The Conservative party has declared its support for a supermarket ombudsman with the power to curb arbitrate in disputes between supermarkets and their suppliers.
The watchdog was proposed last year by the Competition Commission but the Government has yet to confirm that it will impose the control on the multiples after attempts to establish a voluntary scheme failed.
Shadow environment spokesman Nick Herbert said the current voluntary code of practice governing the relationship between supermarkets and food suppliers is not “worth the paper it is written on” unless properly enforced. Ensuring a fairer deal for suppliers could see a narrowing of the gap in buying prices between supermarket chains and independent retailers.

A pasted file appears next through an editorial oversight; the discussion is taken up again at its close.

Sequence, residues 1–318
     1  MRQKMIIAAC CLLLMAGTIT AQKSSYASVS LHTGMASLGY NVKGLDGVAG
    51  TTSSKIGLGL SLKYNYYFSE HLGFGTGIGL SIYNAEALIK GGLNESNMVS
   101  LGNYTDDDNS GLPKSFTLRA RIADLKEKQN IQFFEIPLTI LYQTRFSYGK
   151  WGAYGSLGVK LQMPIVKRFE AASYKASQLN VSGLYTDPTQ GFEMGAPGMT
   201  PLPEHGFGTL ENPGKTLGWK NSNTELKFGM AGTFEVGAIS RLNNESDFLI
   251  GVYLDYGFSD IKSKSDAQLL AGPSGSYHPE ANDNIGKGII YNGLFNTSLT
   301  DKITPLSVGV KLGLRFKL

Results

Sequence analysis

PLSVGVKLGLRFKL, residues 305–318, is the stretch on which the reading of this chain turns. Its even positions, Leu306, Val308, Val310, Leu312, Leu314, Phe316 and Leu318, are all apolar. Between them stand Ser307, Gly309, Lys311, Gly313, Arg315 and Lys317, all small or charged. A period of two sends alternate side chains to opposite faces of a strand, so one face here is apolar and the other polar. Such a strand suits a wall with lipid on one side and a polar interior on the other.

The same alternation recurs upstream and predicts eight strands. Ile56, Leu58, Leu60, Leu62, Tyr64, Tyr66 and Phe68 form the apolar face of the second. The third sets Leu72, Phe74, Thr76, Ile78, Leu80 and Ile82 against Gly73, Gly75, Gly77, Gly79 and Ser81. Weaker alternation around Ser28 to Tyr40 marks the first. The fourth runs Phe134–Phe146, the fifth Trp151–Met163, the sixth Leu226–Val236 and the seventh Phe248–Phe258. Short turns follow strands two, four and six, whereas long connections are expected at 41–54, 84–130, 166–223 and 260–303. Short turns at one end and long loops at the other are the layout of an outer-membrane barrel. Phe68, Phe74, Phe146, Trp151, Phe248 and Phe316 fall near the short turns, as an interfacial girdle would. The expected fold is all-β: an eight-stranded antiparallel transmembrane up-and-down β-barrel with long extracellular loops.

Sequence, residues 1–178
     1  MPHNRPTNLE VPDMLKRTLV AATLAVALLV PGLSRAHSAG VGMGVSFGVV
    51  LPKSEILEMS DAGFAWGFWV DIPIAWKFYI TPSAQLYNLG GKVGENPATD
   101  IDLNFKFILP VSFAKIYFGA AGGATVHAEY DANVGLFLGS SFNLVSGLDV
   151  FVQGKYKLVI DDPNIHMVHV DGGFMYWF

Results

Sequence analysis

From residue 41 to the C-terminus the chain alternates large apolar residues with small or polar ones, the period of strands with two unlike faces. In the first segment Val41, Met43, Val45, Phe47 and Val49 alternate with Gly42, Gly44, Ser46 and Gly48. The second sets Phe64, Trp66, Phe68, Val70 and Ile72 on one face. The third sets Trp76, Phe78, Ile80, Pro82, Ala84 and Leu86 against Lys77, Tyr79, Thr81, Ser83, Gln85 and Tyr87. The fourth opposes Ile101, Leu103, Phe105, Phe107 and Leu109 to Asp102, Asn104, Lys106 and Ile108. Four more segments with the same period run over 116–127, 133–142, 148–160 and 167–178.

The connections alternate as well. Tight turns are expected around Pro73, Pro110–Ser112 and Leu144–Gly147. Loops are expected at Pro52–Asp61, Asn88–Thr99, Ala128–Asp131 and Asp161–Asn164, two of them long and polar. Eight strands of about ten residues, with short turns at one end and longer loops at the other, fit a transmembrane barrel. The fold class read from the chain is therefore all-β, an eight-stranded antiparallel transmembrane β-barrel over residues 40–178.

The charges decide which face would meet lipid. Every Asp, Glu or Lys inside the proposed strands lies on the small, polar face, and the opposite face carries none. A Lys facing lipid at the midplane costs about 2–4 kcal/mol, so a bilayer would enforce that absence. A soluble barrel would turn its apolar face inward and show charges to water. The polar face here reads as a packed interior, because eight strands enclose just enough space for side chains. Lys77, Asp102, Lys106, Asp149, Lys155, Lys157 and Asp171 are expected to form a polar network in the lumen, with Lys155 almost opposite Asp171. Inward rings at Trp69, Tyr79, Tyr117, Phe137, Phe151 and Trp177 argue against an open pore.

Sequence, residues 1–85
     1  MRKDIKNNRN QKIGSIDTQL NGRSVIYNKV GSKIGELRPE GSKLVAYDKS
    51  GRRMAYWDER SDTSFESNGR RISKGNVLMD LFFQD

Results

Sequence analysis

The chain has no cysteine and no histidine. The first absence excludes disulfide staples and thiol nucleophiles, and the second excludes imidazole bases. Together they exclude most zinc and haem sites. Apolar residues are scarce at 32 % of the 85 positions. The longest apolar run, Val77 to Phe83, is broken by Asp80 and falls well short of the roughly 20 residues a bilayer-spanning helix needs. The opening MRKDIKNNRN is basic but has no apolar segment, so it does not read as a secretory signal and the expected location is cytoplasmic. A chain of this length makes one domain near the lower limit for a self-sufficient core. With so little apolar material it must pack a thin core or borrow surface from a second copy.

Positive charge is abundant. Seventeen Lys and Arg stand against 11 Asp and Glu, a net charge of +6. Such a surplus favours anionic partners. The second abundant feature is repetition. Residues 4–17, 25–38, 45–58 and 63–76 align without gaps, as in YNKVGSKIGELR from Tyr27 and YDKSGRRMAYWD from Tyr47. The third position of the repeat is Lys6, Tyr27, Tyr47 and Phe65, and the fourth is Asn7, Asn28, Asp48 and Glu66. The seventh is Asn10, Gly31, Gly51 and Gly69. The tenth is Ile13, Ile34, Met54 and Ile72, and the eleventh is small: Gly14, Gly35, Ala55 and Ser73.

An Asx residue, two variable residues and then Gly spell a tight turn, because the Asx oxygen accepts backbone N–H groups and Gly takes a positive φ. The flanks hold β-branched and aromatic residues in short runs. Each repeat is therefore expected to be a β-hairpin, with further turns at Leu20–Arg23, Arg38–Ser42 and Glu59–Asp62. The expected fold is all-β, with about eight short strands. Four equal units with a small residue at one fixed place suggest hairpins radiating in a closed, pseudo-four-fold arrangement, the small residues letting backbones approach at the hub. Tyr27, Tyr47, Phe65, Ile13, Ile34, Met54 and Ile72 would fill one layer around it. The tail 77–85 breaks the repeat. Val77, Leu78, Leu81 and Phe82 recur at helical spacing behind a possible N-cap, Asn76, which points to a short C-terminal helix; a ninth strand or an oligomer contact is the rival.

“It is not enough to talk loosely about a fair market or the need for better labelling,” he said. “We need action, with a supermarket ombudsman and legislation to enforce honest labelling if the retailers won’t act.”
“Failure to do so could result in reduced investment by suppliers, lower product quality and less product choice, with potentially higher prices in the long run.”
The Tories’ announcement follows Labour MP Albert Owen’s attempt to force action on the ombudsman with the introduction of a Private Member’s Bill. This is scheduled for a Second Reading debate on March 5.
ACS chief executive James Lowman said that a grocery ombudsman would ensure fair trading in the sector.
“Local shops will benefit from the more competitive marketplace that can only be delivered by an ombudsman with proactive powers to ensure fair dealing,” he said.
“This would not limit the supermarkets’ ability to drive keen bargains with their suppliers but would benefit consumers by promoting choice and innovation in the marketplace.”